Faculty and Staff Questions & Answers

This page contains answers to some questions frequently received from faculty and staff members about Alfred University's Center for Academic Success.

Q: What is a disability?
A: According to the Americans with Disabilities Act, a disability is a physical or mental impairment that substantially limits one or more major life activities. Major life activities related to education include but are not limited to walking, sleeping, eating, learning, reading, writing, processing, hearing, etc.

Q: What are accommodations and auxiliary aids?
A: Accommodations and auxiliary aids are adjustments made to a policy and/or academic environment to ensure students with temporary or permanent disabilities have equal access to course material, information, activities, programs, housing, and other campus facilities.

Examples of Auxiliary Aids:
  • alternate format text
  • note-taking assistance
  • smart pens
  • audio recorders
  • interpreters
  • text-to-speech software
Q: Do testing modifications apply for assignments?
A: No. If an assignment is called a take home quiz, test, or exam, then the extended time and any additional adjustments may or may not apply.

Q: I am an instructor on campus and I received an Academic Adjustment Authorization Letter from a student. What do all of the codes mean?
A: CAS offers a great resource page on understanding Academic Adjustment Letters on their website that details the meaning of each academic adjustment (accommodation).

Q: How are academic adjustments determined?
A: The student makes a request for academic adjustments from the appropriate CAS staff member. Reasonable academic adjustments and auxiliary aids are agreed upon via an interactive dialogue with students, review and discussion of their documentation, and then finalized by CAS staff.

Q: What if I disagree with an approved academic adjustment or auxiliary aid?
A: Professors who have questions, comments, concerns or suggestions on classroom academic adjustments authorized by CAS are encouraged to contact the director of CAS. The CAS number is 607-871-2148.

Q: Why am I being asked to provide my instructional materials electronically and in advance of class meetings?
A: Students with disabilities have the right to receive their handouts in the same time frame as those provided to students without disabilities. Converting text into larger sizes, Braille, tactile graphics and audio files is time consuming. Providing materials in advance allows CAS to get those materials to students in a timely manner.

In order to initiate alternate media processing, it is helpful to have the:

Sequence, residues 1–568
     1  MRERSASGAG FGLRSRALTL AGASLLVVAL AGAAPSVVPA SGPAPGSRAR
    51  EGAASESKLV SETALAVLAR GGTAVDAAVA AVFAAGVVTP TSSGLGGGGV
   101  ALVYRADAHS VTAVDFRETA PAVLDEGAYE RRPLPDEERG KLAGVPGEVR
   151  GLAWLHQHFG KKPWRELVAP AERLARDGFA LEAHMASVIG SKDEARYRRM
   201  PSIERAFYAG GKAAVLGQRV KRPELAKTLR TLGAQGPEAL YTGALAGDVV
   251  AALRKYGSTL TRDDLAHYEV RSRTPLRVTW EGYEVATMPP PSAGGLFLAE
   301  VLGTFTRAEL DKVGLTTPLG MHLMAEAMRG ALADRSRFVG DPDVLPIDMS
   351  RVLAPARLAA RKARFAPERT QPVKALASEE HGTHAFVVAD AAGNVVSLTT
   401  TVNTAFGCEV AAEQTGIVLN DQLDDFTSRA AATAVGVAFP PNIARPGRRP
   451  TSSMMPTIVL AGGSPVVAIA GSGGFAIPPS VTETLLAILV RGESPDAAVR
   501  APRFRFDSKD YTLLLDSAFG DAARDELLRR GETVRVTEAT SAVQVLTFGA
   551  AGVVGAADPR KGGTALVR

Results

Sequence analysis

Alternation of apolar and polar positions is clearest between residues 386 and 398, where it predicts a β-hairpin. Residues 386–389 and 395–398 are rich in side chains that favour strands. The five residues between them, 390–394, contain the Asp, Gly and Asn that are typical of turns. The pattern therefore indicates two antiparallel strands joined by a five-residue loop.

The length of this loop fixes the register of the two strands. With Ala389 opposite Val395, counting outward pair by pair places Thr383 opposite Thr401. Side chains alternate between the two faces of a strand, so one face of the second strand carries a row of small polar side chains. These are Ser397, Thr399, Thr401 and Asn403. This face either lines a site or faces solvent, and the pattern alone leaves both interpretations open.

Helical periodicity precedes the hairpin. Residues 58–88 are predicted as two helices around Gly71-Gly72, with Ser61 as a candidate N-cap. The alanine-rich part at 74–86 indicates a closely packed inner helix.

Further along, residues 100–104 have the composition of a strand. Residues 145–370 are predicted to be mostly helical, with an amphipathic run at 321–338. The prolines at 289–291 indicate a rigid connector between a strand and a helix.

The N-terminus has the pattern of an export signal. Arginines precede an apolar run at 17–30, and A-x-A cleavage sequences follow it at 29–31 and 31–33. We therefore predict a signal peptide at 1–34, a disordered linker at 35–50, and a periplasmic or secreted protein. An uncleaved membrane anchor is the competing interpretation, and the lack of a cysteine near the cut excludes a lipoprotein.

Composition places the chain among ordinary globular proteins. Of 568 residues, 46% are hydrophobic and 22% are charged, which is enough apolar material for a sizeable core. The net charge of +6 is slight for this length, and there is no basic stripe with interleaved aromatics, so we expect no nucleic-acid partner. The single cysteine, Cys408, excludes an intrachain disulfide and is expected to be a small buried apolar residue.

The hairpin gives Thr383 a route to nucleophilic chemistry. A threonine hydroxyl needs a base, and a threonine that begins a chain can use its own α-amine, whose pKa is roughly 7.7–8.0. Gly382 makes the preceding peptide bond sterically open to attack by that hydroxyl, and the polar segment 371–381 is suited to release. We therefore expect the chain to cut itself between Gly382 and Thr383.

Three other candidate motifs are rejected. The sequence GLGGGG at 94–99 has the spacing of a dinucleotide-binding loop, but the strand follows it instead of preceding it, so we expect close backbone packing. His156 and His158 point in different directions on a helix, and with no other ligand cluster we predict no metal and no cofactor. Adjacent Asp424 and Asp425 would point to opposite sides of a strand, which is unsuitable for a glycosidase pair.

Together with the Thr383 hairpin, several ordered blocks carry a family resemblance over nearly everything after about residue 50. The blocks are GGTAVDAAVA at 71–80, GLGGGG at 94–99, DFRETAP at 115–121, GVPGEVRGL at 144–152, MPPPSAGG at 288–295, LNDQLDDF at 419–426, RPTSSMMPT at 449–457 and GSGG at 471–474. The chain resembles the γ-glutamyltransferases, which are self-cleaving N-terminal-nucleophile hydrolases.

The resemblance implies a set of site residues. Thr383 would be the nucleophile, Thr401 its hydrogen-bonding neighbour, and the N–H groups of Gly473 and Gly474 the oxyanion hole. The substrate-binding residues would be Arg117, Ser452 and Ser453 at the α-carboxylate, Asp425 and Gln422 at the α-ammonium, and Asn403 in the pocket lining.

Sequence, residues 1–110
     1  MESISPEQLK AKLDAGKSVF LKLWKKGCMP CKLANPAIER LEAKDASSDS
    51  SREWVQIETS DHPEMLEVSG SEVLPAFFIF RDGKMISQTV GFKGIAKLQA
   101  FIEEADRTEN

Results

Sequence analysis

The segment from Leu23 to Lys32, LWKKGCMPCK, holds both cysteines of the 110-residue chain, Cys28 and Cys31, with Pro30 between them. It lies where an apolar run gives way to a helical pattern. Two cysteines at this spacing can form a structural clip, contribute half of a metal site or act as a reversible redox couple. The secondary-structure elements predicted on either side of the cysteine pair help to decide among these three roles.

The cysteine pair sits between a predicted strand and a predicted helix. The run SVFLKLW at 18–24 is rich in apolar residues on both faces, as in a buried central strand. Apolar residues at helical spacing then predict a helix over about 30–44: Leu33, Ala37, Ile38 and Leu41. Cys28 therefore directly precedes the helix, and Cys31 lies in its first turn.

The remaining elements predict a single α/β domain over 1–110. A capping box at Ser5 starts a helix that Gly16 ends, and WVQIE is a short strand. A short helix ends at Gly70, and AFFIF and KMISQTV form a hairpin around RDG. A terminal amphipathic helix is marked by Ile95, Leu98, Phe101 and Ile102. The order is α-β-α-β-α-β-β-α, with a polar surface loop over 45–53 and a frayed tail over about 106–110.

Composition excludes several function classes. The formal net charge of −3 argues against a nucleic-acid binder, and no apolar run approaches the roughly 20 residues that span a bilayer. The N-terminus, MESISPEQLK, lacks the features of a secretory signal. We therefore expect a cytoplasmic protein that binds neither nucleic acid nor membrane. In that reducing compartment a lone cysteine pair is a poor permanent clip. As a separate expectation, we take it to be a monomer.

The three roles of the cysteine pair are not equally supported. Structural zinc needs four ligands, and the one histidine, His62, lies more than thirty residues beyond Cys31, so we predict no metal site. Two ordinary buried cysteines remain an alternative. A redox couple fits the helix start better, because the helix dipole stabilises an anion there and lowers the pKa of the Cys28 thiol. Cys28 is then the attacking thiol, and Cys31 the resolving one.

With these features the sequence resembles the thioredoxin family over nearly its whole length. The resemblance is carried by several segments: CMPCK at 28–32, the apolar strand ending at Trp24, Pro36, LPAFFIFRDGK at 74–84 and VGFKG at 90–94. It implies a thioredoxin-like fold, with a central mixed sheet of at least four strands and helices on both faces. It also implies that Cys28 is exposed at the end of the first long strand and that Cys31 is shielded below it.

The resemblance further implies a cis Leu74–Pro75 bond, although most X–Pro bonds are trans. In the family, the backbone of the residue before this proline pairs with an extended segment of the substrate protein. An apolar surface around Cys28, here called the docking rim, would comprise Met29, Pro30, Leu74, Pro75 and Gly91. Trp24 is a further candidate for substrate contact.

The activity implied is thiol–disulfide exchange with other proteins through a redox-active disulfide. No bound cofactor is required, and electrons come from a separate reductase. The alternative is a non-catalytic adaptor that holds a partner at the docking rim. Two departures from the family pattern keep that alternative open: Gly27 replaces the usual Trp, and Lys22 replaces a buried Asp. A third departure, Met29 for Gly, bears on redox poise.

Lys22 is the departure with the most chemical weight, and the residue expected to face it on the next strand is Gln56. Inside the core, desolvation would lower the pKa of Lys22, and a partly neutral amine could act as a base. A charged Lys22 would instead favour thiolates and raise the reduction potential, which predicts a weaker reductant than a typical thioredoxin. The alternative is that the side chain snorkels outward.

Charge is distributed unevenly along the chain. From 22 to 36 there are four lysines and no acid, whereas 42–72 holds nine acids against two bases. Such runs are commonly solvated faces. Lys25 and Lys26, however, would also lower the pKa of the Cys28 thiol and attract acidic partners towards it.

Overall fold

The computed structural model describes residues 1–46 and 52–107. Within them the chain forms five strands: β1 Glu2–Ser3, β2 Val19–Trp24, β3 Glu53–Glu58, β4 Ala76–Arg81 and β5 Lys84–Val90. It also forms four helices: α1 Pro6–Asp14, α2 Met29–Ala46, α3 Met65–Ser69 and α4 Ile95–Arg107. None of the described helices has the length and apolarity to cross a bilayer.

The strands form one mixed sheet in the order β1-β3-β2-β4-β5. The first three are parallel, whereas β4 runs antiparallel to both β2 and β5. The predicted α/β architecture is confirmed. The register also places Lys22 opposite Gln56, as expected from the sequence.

• ISBN of textbooks
  • Approximate timelines of dates for starting each chapter
  • A syllabus for approximate dates of assignments, quizzes, and exams
  • All handouts and supplemental written materials

Q: Do faculty members have the right to access diagnostic information regarding a student's disability?
A: Faculty do not have the right to access the student's diagnostic information. Alfred University follows the rules of confidentiality that are described in Section 503 of the Rehabilitation Act (1973) and Federal Education Right to Privacy Act (FERPA).

Q: As a faculty member, how do I inform students in my class about the academic adjustments and auxiliary aids that the university and CAS specifically have to offer?
A: All faculty are encouraged to put a statement about academic adjustments (accommodations) in their syllabus to inform students about their rights.

Example Statement:
Access and Accommodations:
At Alfred University we strive to make all learning experiences as accessible as possible. Please let me know if you anticipate or experience a physical or learning barrier based on a disability. I am willing to meet with you individually to confidentially discuss your learning needs. However, to request formal instructional or testing accommodations, please consult with the Center for Academic Success (CAS) which is located on the second floor of Herrick Library 607-871-2148; email CAS). The CAS office is responsible for reviewing disability documentation, determining eligibility for reasonable accommodations, and helping students with disabilities request and use accommodations in order to allow equal access to all learning environments.

Q: A student is complaining that I did not accommodate them. Who can I contact?
A: Please contact the director of CAS or 607-871-2148.

Q: I have a student in class who told me they have a disability, but has not requested any academic adjustments (accommodations) that I know of. Am I still responsible for accommodating?
A: No, you are only responsible for providing reasonable academic adjustments if requested and provided with an Academic Adjustment letter from CAS. If a student indicates that they do not have one, you should refer them to CAS.

Q: Do students approved for exam modifications have to take their exams at CAS?
A: No. The ideal situation is when the instructor can provide the academic adjustment directly to the student. This ensures that an instructor can be reached if the student has a question on the exam. If you decide to use CAS Testing, please email CAS the exam and all related materials no later than 1 business day in advance.

Q: If I am unable to proctor the exam myself, why do I need to supply my contact information during the exam?
A: Students with disabilities, regardless of where they are taking their exam, have the same rights as other students and should have access to their instructor if they have any questions regarding their exams. CAS is willing to call, text, or email an instructor.